Social gaming a big winner in smartphone boom
More virtual livestock looks set to be traded and petulant fowl hurled at targets as social gaming takes hold in the booming mobile phone market, industry experts say.
Social gaming, made popular by titles such as "Farmville" and "Angry Birds", was one of the closely followed topics at last week's CommunicAsia trade fair in Singapore, where telecom executives meet annually to check on new trends.
Internet-enabled smartphones as well as tablets are liberating social gamers from the physical confines of home and office, and more titles specifically designed for handheld devices are on their way.
Asia-Pacific smartphone sales are expected to reach 200 million a year by 2016, a third of all mobile phones sold in the region, according to telecom consultancy Ovum.
"At least 90 percent of gamers will be on mobile in the future," said Jeffrey Jiang, a director at Singapore-based Touch Dimensions, which develops games for various platforms.
"When I started in the industry, all the projects are mostly PC, hardly any mobile. But now most of the projects that people ask from us is about mobile," he told AFP.
Jiang, whose firm creates games for mobile brands such as the iPhone, Android and Nokia, said light social gamers rather than hardcore videogame players would be the drivers of developer industry growth.
"The majority of the population are going to be casual gamers and casual gamers are not really that willing to play their games just on the PC... Everyone has mobile devices so it's the logical shift."
"Farmville", which enables players and their friends to turn themselves into rural folk ploughing fields and trading pigs and cows, is the most popular game on Facebook and has made its developer Zynga a fortune.
With Zynga preparing to offer its shares soon, The Wall Street Journal has quoted sources as saying the developer could be valued at $7 billion to $9 billion after making $400 million in profit on approximately $850 million in revenue last year.
More than 250 million people a month play Zynga games which also include "CityVille", "FrontierVille", "Café World", "YoVille" and "Vampire Wars", according to the developer.
In "Angry Birds", developed by Finnish company Rovio, players catapult birds at enemy pigs which have stolen their eggs -- players post their scores and discuss the game on social media sites.
Social game developers make money by selling their games as paid applications on mobile platforms such as Apple's AppStore, with various upgrades available as users become more addicted.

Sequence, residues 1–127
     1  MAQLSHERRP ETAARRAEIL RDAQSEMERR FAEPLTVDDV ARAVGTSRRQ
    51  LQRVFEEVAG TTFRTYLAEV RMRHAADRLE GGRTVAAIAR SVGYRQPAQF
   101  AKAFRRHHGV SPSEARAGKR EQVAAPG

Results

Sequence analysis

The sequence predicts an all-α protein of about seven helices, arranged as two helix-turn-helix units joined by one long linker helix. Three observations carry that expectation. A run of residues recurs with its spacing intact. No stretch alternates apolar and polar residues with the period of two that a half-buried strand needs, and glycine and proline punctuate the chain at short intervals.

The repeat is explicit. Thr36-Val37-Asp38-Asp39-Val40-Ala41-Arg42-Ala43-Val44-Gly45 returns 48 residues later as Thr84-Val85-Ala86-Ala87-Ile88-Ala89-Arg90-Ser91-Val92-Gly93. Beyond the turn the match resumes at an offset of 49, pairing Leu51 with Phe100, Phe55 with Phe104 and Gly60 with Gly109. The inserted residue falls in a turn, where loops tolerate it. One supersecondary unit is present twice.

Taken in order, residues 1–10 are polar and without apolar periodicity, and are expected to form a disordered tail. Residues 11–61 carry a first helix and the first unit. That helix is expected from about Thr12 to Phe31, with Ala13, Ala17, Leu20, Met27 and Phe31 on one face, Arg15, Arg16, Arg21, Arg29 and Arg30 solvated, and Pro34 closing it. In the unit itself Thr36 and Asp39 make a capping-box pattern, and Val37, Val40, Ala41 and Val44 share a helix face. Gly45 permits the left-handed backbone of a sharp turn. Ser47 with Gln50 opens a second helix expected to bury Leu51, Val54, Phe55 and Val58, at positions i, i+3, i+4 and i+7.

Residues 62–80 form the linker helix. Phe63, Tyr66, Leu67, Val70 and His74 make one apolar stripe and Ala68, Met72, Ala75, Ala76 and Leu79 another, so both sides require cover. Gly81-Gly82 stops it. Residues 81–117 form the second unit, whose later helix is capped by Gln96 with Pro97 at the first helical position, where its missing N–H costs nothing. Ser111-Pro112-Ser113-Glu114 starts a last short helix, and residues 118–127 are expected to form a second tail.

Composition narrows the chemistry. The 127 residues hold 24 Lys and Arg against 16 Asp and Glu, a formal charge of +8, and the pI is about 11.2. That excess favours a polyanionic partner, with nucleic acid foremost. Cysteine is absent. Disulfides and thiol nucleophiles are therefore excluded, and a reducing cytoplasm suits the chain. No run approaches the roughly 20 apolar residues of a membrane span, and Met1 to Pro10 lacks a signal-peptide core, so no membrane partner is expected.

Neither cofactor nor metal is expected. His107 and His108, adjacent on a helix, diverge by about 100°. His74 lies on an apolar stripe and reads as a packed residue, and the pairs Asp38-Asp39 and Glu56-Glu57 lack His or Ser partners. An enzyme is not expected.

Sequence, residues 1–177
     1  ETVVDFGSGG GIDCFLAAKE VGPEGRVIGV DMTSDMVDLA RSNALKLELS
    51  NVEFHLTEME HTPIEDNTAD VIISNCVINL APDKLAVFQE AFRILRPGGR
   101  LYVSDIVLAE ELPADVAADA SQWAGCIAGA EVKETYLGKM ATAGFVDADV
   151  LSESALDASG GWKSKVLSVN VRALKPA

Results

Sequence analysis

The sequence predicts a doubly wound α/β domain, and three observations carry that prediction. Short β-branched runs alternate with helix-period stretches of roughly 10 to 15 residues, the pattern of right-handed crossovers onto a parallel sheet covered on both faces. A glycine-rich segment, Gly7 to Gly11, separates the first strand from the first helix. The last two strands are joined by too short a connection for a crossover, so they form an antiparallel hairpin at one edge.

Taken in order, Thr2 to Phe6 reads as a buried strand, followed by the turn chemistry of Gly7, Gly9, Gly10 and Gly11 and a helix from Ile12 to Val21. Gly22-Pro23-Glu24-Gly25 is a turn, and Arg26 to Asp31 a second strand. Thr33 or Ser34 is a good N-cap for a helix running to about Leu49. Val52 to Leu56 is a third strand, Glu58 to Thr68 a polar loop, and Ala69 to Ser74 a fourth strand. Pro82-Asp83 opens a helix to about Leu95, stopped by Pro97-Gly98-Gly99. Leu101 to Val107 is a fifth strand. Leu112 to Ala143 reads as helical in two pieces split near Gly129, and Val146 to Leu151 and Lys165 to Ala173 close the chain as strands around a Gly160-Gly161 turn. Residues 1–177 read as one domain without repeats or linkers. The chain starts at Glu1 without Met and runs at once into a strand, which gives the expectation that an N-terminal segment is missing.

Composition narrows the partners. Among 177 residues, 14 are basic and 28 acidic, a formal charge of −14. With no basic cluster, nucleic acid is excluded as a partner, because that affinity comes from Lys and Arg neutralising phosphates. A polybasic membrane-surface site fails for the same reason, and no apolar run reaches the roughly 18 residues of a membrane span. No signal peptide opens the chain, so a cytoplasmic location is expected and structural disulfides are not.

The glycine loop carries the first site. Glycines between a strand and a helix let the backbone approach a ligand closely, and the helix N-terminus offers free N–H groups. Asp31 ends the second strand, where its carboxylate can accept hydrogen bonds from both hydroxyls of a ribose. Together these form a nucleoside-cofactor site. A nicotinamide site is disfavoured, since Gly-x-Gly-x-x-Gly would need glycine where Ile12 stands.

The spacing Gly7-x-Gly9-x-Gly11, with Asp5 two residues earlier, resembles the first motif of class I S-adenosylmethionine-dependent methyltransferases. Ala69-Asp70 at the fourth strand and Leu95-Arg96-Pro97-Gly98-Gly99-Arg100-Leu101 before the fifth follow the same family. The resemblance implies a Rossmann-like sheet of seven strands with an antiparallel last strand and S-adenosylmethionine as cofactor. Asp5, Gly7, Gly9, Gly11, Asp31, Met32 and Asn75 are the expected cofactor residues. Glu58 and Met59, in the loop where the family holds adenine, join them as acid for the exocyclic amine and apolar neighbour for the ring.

Advertising space is also available within their virtual worlds.
David Ko, senior vice president for Zynga, said some 1.1 billion smartphones -- mobile devices with features such as video cameras and Internet capability -- are expected to be shipped worldwide in 2015, double this year's forecast.
This creates a "tremendous opportunity" to reach more players, he said.
Ko said gamers have pressed Zynga to devote more resources to mobile platforms, "so an important part of our strategy is making sure that we have mobile extensions of all of our IPs (intellectual properties) going forward."
Nokia, the world's leading mobile phone maker, said gamers were the biggest customers of its applications store Ovi.
At Apple's AppStore, mobile games are the best-selling items, filling nine out of the top 10 slots.
Even BlackBerry, a brand more synonymous with businessmen rather than the gaming fraternity, showcased the gaming capabilities of its first tablet model, the Playbook at CommunicAsia.
It set up four flatscreen televisions connected to Playbooks enabling players to compete in the racing game "Need for Speed".
Thomas Crampton, a Hong Kong-based media consultant, said the rise of the smartphone made social gaming viable.
"The connectiveness to the Internet is important because it gives you that social link and the social aspect of gaming is really going to be a huge driving factor," said Crampton, Asia-Pacific director of Ogilvy Public Relations' global social media team.
(c) 2011 AFP